Mouth-wa­ter­ing match-ups aplenty

Matamata Chronicle - - Sport/opinion - By STEVEN SA­MUELS

ACROWD of 52,000 peo­ple crammed into the sta­dium to watch the Queens­land Reds take on the Cru­saders in the cli­max to the 2011 Su­per 15 sea­son.

Both teams have suf­fered from nat­u­ral dis­as­ters in their re­spec­tive re­gions, tak­ing an even greater emo­tional toll on play­ers and fans.

There were many mouth­wa­ter­ing match-ups all across the field, Daniel Carter ver­sus Quade Cooper, Will Ge­nia ver­sus Andy El­lis and many more.

The game started very evenly with both teams test­ing out each other’s de­fences but find­ing no chinks in the ar­mour. Both teams had their chances in the first half with just the last pass let­ting them down.

Fi­nally in the 30th minute the ref ruled the Cru­saders play­ers had gone straight over the top off their feet at the break­down, the Reds opted to take a shot at goal which Quade Cooper duly did giv­ing his side the early lead. Im­me­di­ately af­ter the kick­off the Cru­saders turned the ball over at the break­down and worked their way back up field un­til they were just out­side the Reds 22. Carter threw an in­side pass to Sean Maitland who al­most broke through, then Andy El­lis passed the ball to Carter who saw clear space be­hind the de­fen­sive line so he calmly grub­bered the ball through re-gath­ered and scored be­tween the posts.

One thing I saw was Quade Cooper, the last de­fender give up the chase when Daniel Carter had re­gath­ered the ball al­low­ing Carter to take it un­der the posts.

This I think is the one key dif­fer­ence sep­a­rat­ing these two first fives – not phys­i­cal abil­ity or skill but attitude.

Quade Cooper was still three me­tres away when Carter got the ball back and should have forced Carter to stay out wide to make the con­ver­sion more dif­fi­cult.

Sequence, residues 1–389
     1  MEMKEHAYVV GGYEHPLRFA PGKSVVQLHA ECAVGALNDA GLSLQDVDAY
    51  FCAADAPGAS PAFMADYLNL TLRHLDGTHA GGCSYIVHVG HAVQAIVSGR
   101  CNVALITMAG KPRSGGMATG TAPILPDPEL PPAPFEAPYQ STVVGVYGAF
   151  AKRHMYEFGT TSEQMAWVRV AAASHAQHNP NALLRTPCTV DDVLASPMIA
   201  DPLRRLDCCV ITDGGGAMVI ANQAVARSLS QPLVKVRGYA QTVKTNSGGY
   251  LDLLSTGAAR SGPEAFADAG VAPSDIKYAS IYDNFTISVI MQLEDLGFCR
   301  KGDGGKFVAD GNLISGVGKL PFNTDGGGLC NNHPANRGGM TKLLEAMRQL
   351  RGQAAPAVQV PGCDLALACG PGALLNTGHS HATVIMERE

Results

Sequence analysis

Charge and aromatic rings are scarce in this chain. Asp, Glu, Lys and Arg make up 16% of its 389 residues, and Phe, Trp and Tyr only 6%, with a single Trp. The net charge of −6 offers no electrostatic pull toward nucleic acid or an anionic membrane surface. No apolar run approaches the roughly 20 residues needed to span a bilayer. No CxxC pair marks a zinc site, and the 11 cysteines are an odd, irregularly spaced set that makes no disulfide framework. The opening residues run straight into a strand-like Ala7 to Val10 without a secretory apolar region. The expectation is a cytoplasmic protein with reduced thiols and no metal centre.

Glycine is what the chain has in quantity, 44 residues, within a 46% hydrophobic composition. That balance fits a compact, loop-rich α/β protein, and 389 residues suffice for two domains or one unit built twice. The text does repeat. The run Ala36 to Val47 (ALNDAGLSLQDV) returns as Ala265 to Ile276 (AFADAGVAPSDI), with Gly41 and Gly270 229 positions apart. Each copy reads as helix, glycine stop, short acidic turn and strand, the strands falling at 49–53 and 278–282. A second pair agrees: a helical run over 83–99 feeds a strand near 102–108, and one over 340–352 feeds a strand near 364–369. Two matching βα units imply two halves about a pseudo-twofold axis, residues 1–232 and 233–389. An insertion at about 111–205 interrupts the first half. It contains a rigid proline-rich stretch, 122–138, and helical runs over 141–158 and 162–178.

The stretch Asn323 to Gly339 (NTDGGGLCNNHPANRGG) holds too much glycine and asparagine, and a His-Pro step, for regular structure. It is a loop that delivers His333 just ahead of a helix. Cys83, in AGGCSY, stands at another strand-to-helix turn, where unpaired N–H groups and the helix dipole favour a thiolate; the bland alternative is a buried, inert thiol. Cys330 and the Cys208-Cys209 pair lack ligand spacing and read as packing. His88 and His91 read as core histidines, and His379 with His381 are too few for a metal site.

Also when Carter scored the try he calmly got up, said some­thing to his team­mate and then walked out to the front of the goal posts ready for the con­ver­sion, whereas Cooper would have had some fancy hand sign or dance move.

The sec­ond half was just as ex­cit­ing.

The teams came onto the field with the score at 7-6 to the Cru­saders. Shortly af­ter the restart the Cru­saders were awarded an­other penalty which Carter con­verted tak­ing the lead to 10-6.

I was be­gin­ning to feel the Cantabrian’s were gain­ing the as­cen­dancy. How­ever, it ap­pears the Reds are made of sterner stuff than that, twice scram­bling to stop Brad Thorn from charg­ing his way over the line.

Andy El­lis threw a long pass to Sonny Bill Wil­liams, who off­loaded to man moun­tain Rob­bie Fruean, who broke into the back­field then fed the pass to Sean Maitland who shelled it.

Missed chances would come back to haunt the Cru­saders.

From a poor kick the Reds half­back Will Ge­nia re­trieved the ball, ran the ball back beat­ing two de­fend­ers be­fore pass­ing to Quade Cooper and on to Digby Ioane who raced in to score.

The score was now 13-10 to the Queens­lan­ders. The Cru­saders re­sponded how­ever with a penalty lev­el­ling the score at 13 apiece. The defin­ing mo­ment of the match came when Cru­saders re­place­ment flanker Matt Todd took the ball into con­tact, lost it, the Reds for­wards gained con­trol of the ball re­cy­cled to the cen­tre An­thony Fa­ianga who passed to pocket rocket Will Ge­nia who weaved his way through the Cru­saders de­fend­ers and bolted 60m to the try line to slam the ball down giv­ing the Reds the lead once and for all.

The Cru­saders had a chance to sneak the tro­phy with a li­ne­out on the Reds’ 22 but Corey Flynn missed the tar­get and that was all she wrote.

The Reds win­ning their first ti­tle af­ter 15 sea­sons of hard work and some lean years with some pretty ter­ri­ble re­sults but now they have a great nu­cleus of play­ers who can go on to cre­ate a dy­nasty.

Two weeks ago was po­ten­tially the great­est week in the his­tory of Queens­land oval ball his­tory with the Ma­roons win­ning an ab­so­lute block­buster against the Blues 34-24 win­ning their sixth se­ries in a row send­ing Dar­ren Lock­yer out like the true cham­pion that he is.

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